the cupboard has a hangover
The year started well as I rolled out of bed in my warm brushed cotton, red tartan, pyjamma set. Mumsy buys the best christmas pressies with her Marks and Spencers loyalty card. As the teapot brewed I lifted the cupboard‘s lid and logged in.
The warm, fluffy feeling started fading as Microsoft’s .NET framework announced an ‘unhandled exception‘ in MY ‘application‘. My cheeky little application had the afrontary to so something without proper handling? Naughty!’
This verbose .NET Framework message appeared to offer me 2 choices in the first paragraph:
- ignore this error (continue button)
- force my application to close (quit button)
The second paragraph is written in jargon about turning on functions, configuring, clients, trace-logs and SDKs. This is 2012, good practice for producing software error messages has been around for decades. Why is Microsoft still showing me outrageously poorly designed dialogs? Especially first thing in the morning of the new year. pfft. I choose to ignore this message because it didn’t enable me to make an informed decision – which ‘application’ of mine is exceptional?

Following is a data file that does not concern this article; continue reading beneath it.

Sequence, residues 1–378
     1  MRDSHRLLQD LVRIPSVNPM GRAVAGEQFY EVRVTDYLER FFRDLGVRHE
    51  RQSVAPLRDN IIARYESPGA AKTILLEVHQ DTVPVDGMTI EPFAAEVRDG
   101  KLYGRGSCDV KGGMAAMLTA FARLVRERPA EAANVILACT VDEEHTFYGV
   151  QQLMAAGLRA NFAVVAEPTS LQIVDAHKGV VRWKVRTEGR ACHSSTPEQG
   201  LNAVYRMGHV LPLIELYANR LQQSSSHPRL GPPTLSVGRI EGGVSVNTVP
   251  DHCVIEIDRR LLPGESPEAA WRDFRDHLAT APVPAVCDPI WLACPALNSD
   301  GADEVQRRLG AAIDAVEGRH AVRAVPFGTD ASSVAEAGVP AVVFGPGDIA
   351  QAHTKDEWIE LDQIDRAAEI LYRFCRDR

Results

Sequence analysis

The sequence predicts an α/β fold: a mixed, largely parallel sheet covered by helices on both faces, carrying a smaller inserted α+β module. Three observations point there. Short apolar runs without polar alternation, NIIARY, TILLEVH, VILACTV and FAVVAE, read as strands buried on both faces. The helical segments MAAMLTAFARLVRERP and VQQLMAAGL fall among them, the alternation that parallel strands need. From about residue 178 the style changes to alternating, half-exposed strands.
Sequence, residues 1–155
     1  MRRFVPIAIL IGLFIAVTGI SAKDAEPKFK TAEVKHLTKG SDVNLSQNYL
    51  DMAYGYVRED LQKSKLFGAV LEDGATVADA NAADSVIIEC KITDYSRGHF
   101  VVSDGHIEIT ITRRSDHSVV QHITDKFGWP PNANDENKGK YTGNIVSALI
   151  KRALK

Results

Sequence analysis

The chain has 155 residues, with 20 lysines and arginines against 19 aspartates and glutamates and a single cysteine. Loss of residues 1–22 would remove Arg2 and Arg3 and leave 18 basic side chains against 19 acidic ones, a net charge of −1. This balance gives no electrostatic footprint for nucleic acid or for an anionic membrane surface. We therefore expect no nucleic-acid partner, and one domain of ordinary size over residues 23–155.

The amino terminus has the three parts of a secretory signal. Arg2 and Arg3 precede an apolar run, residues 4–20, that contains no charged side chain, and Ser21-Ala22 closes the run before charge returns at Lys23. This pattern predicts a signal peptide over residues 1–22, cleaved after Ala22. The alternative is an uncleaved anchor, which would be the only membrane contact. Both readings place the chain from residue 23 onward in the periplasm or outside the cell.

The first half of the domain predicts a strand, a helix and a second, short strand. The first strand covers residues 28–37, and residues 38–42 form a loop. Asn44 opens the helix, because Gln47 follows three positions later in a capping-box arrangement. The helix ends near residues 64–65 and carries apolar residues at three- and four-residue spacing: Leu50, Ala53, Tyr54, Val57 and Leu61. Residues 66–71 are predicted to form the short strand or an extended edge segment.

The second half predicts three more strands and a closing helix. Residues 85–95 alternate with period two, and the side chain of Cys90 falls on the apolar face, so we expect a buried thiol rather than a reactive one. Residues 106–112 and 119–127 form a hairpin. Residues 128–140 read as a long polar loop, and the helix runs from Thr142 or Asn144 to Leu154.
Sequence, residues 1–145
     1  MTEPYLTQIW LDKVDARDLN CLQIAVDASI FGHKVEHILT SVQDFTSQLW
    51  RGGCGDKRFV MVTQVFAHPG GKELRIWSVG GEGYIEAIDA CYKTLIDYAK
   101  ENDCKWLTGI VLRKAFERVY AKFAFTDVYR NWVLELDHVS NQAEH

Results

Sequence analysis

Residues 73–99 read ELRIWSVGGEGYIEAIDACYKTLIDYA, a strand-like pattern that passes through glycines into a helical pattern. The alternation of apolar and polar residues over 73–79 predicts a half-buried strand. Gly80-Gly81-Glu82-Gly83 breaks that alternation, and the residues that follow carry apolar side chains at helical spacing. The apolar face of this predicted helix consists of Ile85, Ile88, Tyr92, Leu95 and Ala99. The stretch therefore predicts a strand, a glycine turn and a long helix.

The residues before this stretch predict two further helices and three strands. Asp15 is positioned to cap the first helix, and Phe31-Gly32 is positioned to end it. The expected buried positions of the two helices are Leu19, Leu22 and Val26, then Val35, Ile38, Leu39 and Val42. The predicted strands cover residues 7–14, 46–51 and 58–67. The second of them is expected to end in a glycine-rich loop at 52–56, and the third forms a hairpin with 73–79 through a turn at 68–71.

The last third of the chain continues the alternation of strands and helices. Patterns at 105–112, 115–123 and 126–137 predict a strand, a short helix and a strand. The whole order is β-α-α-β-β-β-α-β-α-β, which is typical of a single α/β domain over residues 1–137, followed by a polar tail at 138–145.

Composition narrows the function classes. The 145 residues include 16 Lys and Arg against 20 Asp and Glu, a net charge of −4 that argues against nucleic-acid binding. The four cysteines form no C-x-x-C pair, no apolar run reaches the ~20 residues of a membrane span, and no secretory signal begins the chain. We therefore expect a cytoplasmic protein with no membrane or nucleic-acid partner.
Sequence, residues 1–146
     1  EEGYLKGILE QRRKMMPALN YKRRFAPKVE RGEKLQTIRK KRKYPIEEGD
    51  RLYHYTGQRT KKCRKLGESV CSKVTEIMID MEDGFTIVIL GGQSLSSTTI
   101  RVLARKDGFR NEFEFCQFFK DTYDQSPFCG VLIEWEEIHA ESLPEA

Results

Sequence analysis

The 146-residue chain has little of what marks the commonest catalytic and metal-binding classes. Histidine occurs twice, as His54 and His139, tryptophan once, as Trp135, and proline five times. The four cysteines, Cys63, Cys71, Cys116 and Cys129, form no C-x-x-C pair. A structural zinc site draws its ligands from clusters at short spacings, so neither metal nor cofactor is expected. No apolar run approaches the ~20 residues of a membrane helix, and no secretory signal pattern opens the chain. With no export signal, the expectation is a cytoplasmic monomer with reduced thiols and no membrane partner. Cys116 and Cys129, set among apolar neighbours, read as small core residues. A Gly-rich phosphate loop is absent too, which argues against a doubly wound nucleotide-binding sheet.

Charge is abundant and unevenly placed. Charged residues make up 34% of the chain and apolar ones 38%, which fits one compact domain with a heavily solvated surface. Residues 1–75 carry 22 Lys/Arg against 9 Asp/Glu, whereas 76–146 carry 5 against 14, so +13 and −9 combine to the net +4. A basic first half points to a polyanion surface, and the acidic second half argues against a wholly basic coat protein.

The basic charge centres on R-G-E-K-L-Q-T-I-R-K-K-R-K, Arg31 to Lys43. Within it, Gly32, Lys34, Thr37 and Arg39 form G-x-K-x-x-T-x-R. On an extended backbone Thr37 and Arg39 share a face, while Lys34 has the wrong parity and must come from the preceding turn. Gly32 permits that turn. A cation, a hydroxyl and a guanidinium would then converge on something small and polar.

- raised it’s hand with a message
- started its conversation with me by apologising. Nice! This takes ownership for having caused the problem and sets the tone of the conversation with me as one of respect to me
- tells me firefox will try to fix the problem – doesn’t expect me to fix it
- politely asks for me to give them diagnostic information. Which I did
I really like the tone of voice, the attitude, of Mozilla when talking to me
As I poured my second mug of tea another potential culprit for the ‘application’ that Microsoft .NET framework found ‘exceptional’ raised it’s hand
The large, ugly, Sony Viao update dialog insisted that I update my netbook software then told me I had to reboot the cupboard. It’s direct instructional approach feels rather rude. I follow the instructions because I’ve been trained by years of poor software to feel helpless and follow this type of condescending instruction
It’s like being in the 1990’s all over again